Beyond mate and asado, Argentine traditions range the length and breadth of the country. Tango, empanadas and football are obvious Argentine reference points. Food, music and dance are part of the deeply-rooted traditions best known to the outside world, but many popular beliefs and stories are also taken for granted throughout the country, despite the lack of empirical evidence. These beliefs rely on word of mouth to transcend generations and social classes, and have their fair share of devotees. In this article, we will examine some of them – because believing, too, is an Argentine tradition.
El Pombero, the mythical goblin of Argentine tradition
Unlike other goblins which appear in popular Argentine myths, El Pombero is rarely spotted. As the image above illustrates, this mysterious being is said to have inverted feet, so its footprints cannot be traced. Those who claim to have seen El Pombero liken it to an upright capybara, standing on its hind legs. It is also noted for its eyes, flat like a toad, its extremely bushy eyebrows, and white teeth like piano keys in its giant mouth. El Pombero is known as the lord of the night, owner of the sun and the birds, and it is said that he goes out walking when it starts to get hot in Argentina, in October and November.
The history of this myth, part of Argentine traditions, tells of a grudge between El Pombero and a lumberjack in the Formosa province. Legend has it that it repeatedly took the lumberjack from his ranch in the middle of the night, bed and all, and left him in the middle of the mountainside. This went on until one night it beat the lumberjack until he was left paralyzed. The victim had a first and last name – Marco Gavasa – and he died in 1972. The story goes that El Pombero loves good children and hates naughty ones. If someone dares to imitate its whistle, it will drive them crazy by whistling back – although it can be driven away with garlic.
El Lobizón, another legend with many popular roots
When it comes to Argentine traditions, the legend of Lobizón, whose likeness is illustrated in this article, cannot be left out. Its origin, it is said, is in Mesopotamia, in the Argentine Northeast. The Lobizón is reportedly the seventh male child of its family, with six older male siblings.
The physical characteristics of this being, popular in the stories of Argentine tradition, are its great height, slenderness and abundance of hair. He has a difficult personality, and angers easily. Legend has it that the Lobizón turns into an animal when the moon is full, and it can only be killed by a bullet which has been blessed in three churches, by a cross-shaped knife or by using a flashlight with dead batteries.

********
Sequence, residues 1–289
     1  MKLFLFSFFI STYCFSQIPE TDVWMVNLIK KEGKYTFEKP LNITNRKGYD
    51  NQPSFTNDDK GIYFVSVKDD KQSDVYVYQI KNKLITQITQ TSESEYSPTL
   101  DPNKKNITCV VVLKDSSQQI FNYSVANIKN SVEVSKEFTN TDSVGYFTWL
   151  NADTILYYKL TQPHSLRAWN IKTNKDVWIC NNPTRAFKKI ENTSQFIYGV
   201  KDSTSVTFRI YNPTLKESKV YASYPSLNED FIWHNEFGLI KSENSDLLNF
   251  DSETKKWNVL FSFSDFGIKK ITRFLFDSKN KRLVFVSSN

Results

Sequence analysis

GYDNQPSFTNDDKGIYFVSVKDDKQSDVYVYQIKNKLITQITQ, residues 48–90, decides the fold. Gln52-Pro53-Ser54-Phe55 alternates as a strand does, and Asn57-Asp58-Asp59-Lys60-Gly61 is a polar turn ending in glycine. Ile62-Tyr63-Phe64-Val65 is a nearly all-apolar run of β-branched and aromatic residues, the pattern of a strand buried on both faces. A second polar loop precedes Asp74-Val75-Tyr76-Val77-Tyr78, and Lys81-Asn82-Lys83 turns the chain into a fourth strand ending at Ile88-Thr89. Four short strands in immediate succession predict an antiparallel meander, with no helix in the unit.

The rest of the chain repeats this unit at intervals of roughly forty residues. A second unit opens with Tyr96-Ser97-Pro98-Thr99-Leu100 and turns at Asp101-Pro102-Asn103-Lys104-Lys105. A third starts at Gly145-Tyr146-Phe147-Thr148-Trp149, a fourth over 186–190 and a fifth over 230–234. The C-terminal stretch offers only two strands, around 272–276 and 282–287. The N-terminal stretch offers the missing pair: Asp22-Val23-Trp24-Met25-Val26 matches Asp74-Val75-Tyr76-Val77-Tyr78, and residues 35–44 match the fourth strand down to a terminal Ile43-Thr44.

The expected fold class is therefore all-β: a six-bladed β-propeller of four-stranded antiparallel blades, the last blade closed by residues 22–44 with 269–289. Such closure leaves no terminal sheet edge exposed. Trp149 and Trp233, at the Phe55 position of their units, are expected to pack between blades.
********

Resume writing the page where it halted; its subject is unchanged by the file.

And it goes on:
Difunta (Deceased) Correa, a veneration
Not all Argentine legends and traditions concern masculine figures. Many people in the country venerate La Difunta Correa., by leaving bottles full of water for her in the sanctuaries, which are usually along the side of national routes.
Legend has it that in 1841, Deolinda Correa died of thirst in the province of San Juan, when she tried to flee from her husband’s captors. The belief is that, before she died, Deolinda asked God to keep her son alive, and that the miracle was granted: the baby was able to feed on her breasts until it was rescued.
The Luz mala (Evil Light)
This popular legend is perhaps one of the most deeply-rooted Argentine traditions. It is said that this myth was born on routes in the north of the country. The Evil Light is also known as Mandinga’s Lantern (another way of referring to the Devil).
According to those who believe in the Evil Light, it appears suddenly at night, on the roads between provinces, and dazzles everyone who lays eyes on it. In its glow, it is possible to see the souls of the dead which are still in pain.
While Argentine beliefs and traditions may vary throughout the national territory, the country as a whole is full of myths, stories and legends, of devotees and unbelievers. In Argentina there is a popular saying: “believe or burst.” That says it all!